"Thanks for the response. As usual, your responses are much more informative and less reactionary. I just wished you could get to the much more balanced and credible tone the first time around! Your last paragraph indicates a need for connection to others. Who cares what form it takes as long as it is not faked? An agreement. A commitment. A marriage. A civil union. Who cares?
The one benefit of actually institutionalizing one's commitment is to insure that what you build together will remain if one dies. I think "love ran its course" was a phrase you have used. Without the institution, love will not be the only thing that a parter can run away with:)
As I have written before, you clearly have much to offer. Why make it so difficult on your readers to benefit from your experience? What is the point of having to swallow the medicine without the elixir?
Back to the original article. I shake my head regarding single parenthood. A happy parent is a good parent. Single or married. How Bella got those assertions by her editor is truly remarkable.

Part II
Let’s get to some of the claims.

Single people are happier.
The article supports this by stating singles jump into marriage for the wrong reasons or are not ready to be able to give themselves totally. Of course one would end up unhappy. What a scholarly conclusion! It’s like buying a stock because the guy at the barber shop said it was a can’t miss buy. Then, when it tanks, one is surprised when it fails. If you are able to qualify the purchase, just as if you are able to be whole before going into a marriage, happiness/success is much more probable.
Anyone who follows this blog and actually believes in its premise, understands that being single or married has nothing to do with being self actualized. And, if you’re lucky to have someone to help you in giving yourself that permission, all the better. Married or not.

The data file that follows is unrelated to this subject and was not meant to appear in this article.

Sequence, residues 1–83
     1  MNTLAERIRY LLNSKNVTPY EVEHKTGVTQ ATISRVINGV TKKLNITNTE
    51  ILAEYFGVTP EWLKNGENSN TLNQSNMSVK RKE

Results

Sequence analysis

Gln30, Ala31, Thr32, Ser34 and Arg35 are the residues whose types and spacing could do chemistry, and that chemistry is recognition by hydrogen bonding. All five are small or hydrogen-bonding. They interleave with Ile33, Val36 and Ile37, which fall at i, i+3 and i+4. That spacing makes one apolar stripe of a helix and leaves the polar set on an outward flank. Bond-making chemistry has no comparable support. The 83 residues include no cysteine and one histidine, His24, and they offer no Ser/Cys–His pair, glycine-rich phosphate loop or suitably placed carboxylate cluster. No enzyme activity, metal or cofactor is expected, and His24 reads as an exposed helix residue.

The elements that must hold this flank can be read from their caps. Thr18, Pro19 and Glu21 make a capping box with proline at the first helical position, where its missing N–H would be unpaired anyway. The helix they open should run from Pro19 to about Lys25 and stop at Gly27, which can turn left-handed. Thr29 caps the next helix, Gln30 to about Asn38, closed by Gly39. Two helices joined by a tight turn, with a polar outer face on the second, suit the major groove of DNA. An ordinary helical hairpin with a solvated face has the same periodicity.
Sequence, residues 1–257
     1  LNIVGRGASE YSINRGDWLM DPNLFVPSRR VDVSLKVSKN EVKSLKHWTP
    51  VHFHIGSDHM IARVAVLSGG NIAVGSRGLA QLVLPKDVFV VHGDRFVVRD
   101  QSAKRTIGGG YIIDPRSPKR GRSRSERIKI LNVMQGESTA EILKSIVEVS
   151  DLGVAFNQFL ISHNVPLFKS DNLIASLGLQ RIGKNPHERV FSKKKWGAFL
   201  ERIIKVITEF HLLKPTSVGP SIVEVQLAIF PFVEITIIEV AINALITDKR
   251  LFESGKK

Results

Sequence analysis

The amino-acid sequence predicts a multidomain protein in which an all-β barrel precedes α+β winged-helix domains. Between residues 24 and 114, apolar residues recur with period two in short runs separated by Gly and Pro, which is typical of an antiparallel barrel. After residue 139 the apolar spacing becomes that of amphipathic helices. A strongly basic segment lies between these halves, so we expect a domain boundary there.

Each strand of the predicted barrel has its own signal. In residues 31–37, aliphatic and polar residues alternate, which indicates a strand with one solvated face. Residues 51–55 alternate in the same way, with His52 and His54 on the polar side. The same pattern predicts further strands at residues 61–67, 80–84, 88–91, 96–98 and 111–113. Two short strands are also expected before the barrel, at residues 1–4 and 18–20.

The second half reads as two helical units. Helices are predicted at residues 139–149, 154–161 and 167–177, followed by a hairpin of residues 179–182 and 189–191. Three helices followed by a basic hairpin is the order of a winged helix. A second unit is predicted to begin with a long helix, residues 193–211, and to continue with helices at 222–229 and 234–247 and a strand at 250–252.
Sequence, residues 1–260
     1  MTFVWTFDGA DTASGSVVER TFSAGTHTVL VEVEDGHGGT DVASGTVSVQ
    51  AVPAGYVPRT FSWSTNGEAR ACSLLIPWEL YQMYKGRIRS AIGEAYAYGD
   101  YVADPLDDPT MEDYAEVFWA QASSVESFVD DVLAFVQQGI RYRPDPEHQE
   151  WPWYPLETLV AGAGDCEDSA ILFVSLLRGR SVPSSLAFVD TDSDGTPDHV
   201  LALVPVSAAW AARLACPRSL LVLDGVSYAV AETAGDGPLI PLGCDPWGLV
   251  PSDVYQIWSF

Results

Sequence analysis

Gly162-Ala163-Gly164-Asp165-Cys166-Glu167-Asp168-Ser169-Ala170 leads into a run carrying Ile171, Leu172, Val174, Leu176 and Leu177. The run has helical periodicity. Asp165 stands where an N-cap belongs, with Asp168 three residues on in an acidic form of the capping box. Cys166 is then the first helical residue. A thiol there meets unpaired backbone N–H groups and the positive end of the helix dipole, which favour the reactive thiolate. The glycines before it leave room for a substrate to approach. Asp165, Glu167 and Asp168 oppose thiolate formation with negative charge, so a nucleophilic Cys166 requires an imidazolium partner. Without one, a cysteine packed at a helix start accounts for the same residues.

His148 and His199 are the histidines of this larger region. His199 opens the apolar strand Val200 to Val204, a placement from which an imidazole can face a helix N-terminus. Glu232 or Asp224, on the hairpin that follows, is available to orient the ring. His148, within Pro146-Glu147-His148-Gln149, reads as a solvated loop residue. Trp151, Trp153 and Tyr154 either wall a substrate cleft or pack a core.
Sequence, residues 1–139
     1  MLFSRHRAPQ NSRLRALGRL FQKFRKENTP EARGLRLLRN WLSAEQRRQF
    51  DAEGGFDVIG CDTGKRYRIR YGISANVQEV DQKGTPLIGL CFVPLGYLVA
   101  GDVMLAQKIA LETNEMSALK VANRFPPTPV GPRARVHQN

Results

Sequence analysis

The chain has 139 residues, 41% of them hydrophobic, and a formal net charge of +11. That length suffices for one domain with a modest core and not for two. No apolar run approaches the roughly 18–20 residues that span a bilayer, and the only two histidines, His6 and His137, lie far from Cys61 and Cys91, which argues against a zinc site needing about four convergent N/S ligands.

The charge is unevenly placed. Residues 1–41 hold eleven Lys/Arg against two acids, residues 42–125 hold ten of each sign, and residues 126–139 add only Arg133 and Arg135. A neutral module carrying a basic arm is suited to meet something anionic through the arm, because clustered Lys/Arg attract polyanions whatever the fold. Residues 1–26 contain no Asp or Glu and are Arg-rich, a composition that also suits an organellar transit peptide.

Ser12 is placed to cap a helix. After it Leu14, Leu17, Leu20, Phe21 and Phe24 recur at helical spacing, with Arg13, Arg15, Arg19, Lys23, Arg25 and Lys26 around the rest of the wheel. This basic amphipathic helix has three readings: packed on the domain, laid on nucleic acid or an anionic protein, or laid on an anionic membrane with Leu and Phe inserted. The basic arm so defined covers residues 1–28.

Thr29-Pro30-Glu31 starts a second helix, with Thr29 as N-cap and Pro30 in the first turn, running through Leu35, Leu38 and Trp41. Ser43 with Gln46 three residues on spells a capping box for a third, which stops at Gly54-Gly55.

If you’re a banged up individual with lots of baggage from your youth or experiences and fail to work on yourself, happiness becomes that much more elusive. Married or not.
I’ve been both single + married. My character structure demands sharing love + life. Even in my failed marriage, I was truly happier, until the end of course. (Again another brilliant conclusion by the author that as people near a break up and shortly thereafter unhappiness prevails. Duh?)

Single parent children do better than children of married couples.
I should have killed one of my parents when I was 3. That way, I would be more successful!! Gulp Gulp on the Kool Aid!
Once again, if you believe in this blog, if you’re giving yourself full permission to live whether single or married, you will be better parent.
It is impossible to be a mother and father as a single parent. You can only do ½ the job very well. For most, having a single parent leaves a huge void and some serious issues. However, that single parent may give you the tools to allow you to be influenced positively by friends, family and community members.
It is not the absense of a parent that determines success of all those actors, but the struggle one goes through that builds confidence + success. Very healthy families produce stalwarts as well. They instill a sense of discipline, mental toughness and commitment that determine success. These are the same traits that children of single parents or of harden lives need to develop to survive such predicaments. Again, how you get there can be different.
Obama succeeded because his father wasn’t around? If anyone believes this stuff can now move into the Michael Jackson-less Never Never Land.
I have two parents that were married at 20 +21. Erikson would have given the ok for them to marry. Why? They knew who they were and had conviction in their parenting.

I see the results of bad marriages and single parenting through my students. They run the gamut. Both produced greatness and great failures. I would be interested in hearing from those who grew up in single parent households and qualifying their success +/or failures."

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